We had a handful of options for routes, but all started in the small village of Glenridding, and included Helvellyn, which at 3100ft is the highest point you can legally ride to in England. We started the ride up in the rain, and by the time we reached the ridge that takes you to the summit, rain had turned to sleet and the wind was howling. What's more, the route to the summit was still blocked by snow. There aren't many places where you feel quite so exposed at less than 3000ft elevation as you do in the Lakes. We decided at that point that gaining any more elevation was a bad idea, so turned right and rode along the ridge to meet up with the Stick's Pass, an old trail that would take us back to the village.
We stopped at the top to put on dry gloves. It was freezing, big patches of snow still covered the trail and the wind was still roaring, but at least it was behind us now. The trail though - wow. It descends alongside a stream for the first part, rocks everywhere, then into an abandoned quarry, where the rocks proliferate and the gradient steepens and you find yourself holding your breath, you're concentrating so hard on not going over the bars.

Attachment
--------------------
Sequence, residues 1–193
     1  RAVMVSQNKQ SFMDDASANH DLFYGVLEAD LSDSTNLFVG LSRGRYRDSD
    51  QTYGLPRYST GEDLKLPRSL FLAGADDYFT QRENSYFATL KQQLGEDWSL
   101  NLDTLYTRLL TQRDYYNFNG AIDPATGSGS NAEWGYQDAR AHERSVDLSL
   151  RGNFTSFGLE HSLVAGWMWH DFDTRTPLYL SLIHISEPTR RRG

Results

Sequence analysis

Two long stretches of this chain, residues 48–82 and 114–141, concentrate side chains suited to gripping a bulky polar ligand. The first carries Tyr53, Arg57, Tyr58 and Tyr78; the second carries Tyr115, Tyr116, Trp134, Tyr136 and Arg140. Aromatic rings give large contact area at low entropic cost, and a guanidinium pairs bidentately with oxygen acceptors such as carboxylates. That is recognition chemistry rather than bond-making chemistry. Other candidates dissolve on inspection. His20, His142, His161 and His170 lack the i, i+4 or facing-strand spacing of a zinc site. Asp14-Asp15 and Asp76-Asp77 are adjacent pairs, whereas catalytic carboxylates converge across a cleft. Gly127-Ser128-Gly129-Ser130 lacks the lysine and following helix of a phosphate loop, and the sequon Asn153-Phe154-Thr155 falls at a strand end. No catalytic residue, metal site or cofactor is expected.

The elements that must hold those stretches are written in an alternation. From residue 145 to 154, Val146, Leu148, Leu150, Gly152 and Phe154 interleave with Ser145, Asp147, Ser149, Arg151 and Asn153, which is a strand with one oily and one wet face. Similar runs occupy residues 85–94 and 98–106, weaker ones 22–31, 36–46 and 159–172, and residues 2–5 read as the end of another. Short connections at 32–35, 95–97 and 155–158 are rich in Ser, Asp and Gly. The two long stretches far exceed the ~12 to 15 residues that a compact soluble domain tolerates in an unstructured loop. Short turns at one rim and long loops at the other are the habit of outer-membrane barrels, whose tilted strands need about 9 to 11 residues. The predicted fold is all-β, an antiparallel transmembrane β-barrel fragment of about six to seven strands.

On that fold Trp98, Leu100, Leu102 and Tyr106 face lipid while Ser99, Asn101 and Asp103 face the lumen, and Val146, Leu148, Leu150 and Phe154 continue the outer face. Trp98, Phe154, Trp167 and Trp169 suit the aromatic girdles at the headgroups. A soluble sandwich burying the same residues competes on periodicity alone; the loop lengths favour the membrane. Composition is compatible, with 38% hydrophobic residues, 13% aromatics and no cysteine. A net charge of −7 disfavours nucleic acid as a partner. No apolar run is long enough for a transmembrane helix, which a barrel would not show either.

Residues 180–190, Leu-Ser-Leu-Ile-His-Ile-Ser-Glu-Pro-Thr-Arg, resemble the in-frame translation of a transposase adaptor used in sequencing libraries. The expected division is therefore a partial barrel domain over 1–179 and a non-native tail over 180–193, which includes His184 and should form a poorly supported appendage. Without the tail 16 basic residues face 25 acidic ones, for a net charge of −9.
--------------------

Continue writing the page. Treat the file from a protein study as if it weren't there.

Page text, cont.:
In the village we stopped for coffee, freezing but stoked to have made it off the mountain without crashes or mechanicals. We had one more loop to do after lunch, following the lakeside single-track around Ullswater. I promised Sammy and Lyle an easy XC loop, and for some reason they believed me. Twenty minutes later we had our bikes on our shoulders again, hiking up another climb.